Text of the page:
Playing a sport can also be a great stress buster
‘True wellness’ is the wellness of the body, mind and soul. And sports can play a vital role in fostering this true wellness.
Whether you walk, run, swim, go to the gym, play tennis/football, or simply throw a frisbee around in the park – it doesn’t matter. Sport or any kind of physical activity can be your ‘daily dose of rejuvenation’.
Yes, sport helps you get fitter, lose and maintain weight, and even boosts stamina. But that is not all. Sport can have numerous positive effects on one’s mental health as well.
Sport certainly has the ability to improve one’s mood and increase concentration. It can also help boost confidence and self-esteem. This is because of the ‘high’/the ‘euphoria’ that one feels after playing a sport, which is nothing but the production of feel-good, mood-enhancing brain chemicals called endorphins.
Sports also boost cognitive function in kids, which in turn, help with learning and other critical aspects of life. Studies show that children who participate in some form of sport are far more likely to stay active and fit when they grow older.
Playing a sport can also be a great stress buster. In fact, research proves that people who engage in sports regularly are less likely to experience symptoms of anxiety and depression. Studies in Australia have shown that participating in a sport 1-3 times a week reduces psychological distress by 34%. The same goes up to 46% when one plays a sport more than 4 times a week.
Depression in older adults is also significantly lower when they participate in some form of sport. The same holds true for women experiencing post-natal depression. Since there is a reciprocal relationship between social interaction and mental health, connecting with others, working in tandem them and adopting a ‘team mindset’ definitely promotes mental wellbeing. Playing a team sport stimulates camaraderie between people, gives one a sense of belonging within a larger group. This can be of immense help to people who suffer from loneliness-related mental issues and have problems fitting in. This ‘social benefit’ can, in fact, be considered as one of the most significant mental-health benefits of sports.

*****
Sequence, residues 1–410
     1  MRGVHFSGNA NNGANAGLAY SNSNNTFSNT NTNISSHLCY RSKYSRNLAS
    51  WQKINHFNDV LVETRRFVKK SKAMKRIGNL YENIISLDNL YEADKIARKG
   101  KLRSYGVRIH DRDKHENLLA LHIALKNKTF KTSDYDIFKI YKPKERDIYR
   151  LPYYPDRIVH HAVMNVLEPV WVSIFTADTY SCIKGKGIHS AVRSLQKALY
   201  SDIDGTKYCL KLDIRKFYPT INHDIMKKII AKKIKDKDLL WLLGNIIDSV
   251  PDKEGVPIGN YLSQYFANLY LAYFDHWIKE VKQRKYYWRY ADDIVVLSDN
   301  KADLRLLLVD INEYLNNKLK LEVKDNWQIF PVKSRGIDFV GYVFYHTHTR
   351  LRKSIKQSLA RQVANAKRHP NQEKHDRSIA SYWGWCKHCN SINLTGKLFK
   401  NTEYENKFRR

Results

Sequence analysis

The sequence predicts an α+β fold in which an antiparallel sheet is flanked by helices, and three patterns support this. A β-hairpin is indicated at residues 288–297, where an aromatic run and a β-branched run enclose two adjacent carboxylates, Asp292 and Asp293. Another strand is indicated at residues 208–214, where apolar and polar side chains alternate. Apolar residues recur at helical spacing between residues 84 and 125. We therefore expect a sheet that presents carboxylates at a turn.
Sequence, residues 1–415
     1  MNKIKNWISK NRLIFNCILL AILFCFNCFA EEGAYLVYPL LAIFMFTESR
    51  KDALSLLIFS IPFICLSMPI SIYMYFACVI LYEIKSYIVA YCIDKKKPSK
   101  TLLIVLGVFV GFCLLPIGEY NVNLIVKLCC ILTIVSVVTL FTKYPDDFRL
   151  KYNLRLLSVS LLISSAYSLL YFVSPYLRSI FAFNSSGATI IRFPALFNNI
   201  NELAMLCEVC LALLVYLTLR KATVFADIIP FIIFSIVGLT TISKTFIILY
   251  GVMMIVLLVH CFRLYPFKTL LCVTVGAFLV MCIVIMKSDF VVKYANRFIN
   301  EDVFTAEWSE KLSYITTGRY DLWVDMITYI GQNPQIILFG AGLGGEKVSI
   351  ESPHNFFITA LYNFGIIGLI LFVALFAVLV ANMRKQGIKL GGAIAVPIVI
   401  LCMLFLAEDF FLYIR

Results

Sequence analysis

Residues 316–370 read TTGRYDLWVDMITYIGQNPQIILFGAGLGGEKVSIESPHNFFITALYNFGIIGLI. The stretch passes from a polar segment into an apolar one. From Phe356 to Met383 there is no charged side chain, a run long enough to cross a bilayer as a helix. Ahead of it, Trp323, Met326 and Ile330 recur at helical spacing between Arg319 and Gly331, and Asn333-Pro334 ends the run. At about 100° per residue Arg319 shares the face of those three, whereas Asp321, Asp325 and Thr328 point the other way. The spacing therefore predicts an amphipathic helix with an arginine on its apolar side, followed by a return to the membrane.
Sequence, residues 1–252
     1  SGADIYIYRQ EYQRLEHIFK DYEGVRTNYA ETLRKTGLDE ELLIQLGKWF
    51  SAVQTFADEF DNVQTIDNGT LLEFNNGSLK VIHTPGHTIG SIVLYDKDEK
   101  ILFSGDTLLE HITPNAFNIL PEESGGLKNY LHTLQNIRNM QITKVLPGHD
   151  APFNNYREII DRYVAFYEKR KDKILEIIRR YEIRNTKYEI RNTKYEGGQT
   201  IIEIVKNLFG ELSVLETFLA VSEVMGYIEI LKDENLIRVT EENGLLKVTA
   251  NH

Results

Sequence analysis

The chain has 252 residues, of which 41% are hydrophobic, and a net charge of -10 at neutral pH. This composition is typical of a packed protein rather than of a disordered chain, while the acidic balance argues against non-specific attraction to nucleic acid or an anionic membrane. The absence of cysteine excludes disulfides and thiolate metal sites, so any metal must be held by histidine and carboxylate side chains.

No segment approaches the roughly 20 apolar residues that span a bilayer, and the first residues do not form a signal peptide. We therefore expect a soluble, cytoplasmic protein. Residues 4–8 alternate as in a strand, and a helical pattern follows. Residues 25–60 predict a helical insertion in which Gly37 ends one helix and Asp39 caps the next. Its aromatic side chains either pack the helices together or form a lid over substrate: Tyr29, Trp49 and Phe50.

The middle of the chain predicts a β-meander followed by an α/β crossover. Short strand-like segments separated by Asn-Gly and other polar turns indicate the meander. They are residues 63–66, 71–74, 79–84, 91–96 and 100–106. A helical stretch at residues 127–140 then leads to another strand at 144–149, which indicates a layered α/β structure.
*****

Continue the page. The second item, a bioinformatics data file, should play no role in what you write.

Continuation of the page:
Competitive sport can be a tough ballgame for professional athletes. But that is where the concept of ‘mental toughness’ comes into play, which is nothing but the development of psychological skills required to build resilience and adopt a positive attitude. Resilience, in fact, is now considered a key character trait in building ‘emotional intelligence’, which is basically the ability to control one’s emotions and handle inter-personal relationships well.
Whether one plays sport for recreation or as a professional, it is a ‘wellness mantra’ for both – the body and mind.
Source: – The Economic Times
By: – Neerja Birla